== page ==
This question is conceptual in nature.

Suppose I’m working on a text classification problem where I have 3 labels. To make the problem more concrete, let’s say I’m working on sentiment analysis with ground-truth labels `positive`

, `neutral`

, and `negative`

. I am measuring accuracy and macro-F1.

Now I’d like to make another data set with 5 ground-truth labels: `very positive`

, `positive`

, `neutral`

, `negative`

, and `very negative`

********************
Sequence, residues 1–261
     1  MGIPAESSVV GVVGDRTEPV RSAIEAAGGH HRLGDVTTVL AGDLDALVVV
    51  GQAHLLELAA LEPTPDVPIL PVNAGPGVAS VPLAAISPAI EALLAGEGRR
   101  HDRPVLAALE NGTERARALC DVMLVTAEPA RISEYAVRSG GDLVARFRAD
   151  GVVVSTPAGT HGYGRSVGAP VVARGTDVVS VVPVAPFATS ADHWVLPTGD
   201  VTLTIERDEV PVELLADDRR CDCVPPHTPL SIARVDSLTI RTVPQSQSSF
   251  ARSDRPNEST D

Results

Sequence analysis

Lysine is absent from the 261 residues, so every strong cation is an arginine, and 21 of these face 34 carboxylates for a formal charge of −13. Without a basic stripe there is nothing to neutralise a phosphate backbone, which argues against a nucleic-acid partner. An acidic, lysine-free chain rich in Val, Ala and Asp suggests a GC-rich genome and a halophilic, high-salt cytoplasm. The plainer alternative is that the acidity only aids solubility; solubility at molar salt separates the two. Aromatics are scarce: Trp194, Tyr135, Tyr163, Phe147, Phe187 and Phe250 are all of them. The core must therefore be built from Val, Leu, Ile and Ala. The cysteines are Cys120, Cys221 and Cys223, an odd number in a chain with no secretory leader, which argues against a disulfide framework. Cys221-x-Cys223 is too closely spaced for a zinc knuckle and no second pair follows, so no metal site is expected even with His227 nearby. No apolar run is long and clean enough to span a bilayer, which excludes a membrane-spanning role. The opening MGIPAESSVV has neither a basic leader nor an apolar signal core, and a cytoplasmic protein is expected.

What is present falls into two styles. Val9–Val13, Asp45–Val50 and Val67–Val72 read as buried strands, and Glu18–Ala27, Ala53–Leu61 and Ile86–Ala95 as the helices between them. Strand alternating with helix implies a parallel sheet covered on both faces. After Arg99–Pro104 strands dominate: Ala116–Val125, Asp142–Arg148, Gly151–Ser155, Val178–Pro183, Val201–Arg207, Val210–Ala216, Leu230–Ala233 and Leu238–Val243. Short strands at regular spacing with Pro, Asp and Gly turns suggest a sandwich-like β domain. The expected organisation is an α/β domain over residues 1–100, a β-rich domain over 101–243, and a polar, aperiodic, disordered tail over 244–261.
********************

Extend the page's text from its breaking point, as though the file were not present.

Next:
. Intuitively, I would think that the 5-label classification problem is more difficult than the 3-label problem, but the only “proof” I can think of is that a random guess is correct only 1/5 of the time with 5 labels but a random guess is correct 1/3 of the time with 3 labels.

Is there a more formal machine learning argument for why a 5-label problem is more difficult than 3-label? How about an N-label problem to an M-label problem where M > N?

I’m willing to brush up on Vapnik–Chervonenkis theory if that’s needed (hopefully not).